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Extension > Environment > Trees and woodlands > Forest management practices fact sheet: Managing water series > Making and using measurement tools - basal area

Making and using measurement tools - basal area

Best Management Practices (BMPs) can prevent or minimize the impact of forestry activities on rivers, lakes, streams, groundwater, wetlands, and visual quality.

Introduction

There are a variety of measurement tools that can help assess a woodland. The tools can be sophisticated pieces of equipment (such as prisms) that are purchased from vendors or they can be homemade devices. This fact sheet will describe how to make and use a homemade tool for estimating basal area.

Basal area is the cross-sectional area of a tree 4.5 feet above ground. The basal area of all trees in a given land area describes the degree to which an area is occupied by trees and is generally expressed in square feet per acre (ft2/acre). Basal area is useful in determining whether enough trees remain to provide adequate shade within shade strips. (Shade strips are bands of vegetation along streams, lakes, and wetlands. They help moderate water temperatures.)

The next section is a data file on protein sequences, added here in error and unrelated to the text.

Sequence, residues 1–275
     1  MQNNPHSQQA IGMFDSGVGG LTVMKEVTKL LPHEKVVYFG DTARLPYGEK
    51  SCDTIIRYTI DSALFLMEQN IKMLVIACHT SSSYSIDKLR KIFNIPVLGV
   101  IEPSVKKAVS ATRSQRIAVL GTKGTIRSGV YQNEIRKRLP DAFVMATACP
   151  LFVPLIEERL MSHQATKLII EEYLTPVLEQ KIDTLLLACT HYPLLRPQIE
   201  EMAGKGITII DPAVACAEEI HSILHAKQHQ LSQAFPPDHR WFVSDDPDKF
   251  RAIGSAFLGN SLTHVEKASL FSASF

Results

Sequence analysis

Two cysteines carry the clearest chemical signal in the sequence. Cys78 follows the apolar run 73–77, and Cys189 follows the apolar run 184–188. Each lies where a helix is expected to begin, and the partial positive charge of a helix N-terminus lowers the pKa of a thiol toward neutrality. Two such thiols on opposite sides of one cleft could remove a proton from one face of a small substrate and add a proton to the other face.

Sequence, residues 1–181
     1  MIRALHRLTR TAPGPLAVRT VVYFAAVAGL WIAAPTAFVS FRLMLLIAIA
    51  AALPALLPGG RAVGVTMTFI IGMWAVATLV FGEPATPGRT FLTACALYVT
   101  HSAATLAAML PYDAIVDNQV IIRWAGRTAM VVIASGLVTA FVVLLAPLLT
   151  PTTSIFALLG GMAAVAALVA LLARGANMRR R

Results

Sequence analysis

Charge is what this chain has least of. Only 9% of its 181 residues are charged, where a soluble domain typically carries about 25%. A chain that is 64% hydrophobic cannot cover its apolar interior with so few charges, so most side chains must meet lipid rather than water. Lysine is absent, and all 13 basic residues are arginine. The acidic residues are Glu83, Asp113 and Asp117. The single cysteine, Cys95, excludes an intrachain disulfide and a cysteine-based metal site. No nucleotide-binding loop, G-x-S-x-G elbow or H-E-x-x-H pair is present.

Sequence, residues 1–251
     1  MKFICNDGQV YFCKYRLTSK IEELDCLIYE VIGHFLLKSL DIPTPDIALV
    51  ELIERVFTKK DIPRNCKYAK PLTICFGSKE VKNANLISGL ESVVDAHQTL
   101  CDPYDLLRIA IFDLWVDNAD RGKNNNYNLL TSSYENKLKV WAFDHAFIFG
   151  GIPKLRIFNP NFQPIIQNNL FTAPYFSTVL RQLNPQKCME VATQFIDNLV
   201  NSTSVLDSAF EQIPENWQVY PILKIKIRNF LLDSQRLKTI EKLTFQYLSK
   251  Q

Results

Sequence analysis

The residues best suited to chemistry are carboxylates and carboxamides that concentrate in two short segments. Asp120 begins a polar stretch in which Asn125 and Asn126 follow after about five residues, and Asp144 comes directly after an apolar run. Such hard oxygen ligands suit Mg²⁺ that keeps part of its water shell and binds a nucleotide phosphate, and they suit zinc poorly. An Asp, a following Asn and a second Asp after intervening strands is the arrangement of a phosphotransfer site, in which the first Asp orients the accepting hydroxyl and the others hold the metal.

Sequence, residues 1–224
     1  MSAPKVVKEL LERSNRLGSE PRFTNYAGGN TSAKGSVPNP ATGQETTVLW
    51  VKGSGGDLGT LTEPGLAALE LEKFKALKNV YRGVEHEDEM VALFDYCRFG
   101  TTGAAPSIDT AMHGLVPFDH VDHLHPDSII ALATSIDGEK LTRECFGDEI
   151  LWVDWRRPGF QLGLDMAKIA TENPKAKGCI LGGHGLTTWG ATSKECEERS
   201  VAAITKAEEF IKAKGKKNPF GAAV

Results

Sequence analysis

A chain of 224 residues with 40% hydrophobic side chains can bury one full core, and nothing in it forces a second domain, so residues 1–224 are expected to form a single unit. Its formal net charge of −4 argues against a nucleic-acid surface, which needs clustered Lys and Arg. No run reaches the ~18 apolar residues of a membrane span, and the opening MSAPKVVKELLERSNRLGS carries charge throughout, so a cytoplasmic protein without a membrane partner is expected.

Application

Basal area of a land area can be estimated by holding an object such as a washer, penny, or thumb a fixed distance from your eye. Use the following formula to calculate the distance to hold the object from your eye:

Distance from eye = width of object x 33

making-and-using-measurement-tools-basal-area

For example, a thumb with a width of 0.75 inches should be held 24.75 inches away from your eye (0.75 x 33 = 24.75). You can maintain that distance while using the tool by stretching a string of the appropriate length between your eye and the object.

To estimate basal area, stand in the center of a randomly selected location or plot. Hold the object the appropriate length from one eye and close the other eye. Remember these key points:

Basal area/acre = average number of trees counted x 10

As an example, assume that a total of 30 "in" trees were counted in 5 sample plots. The average number of "in" trees per plot is 6. The basal area/acre is 6 x 10, or 60 square feet/acre.

Advantages

Homemade tools for estimating basal area are less expensive and easier to use than commercially available tools. They provide accurate enough estimates of basal area to make decisions regarding shade strips.

Disadvantages

Homemade tools are less accurate than commercially available ones.

Cooperators
University of Minnesota Extension Service, Minnesota Department of Natural Resources, Minnesota Logger Education Program, Michigan Department of Natural Resources, Michigan State University Extension, and Wisconsin Department of Natural Resources.

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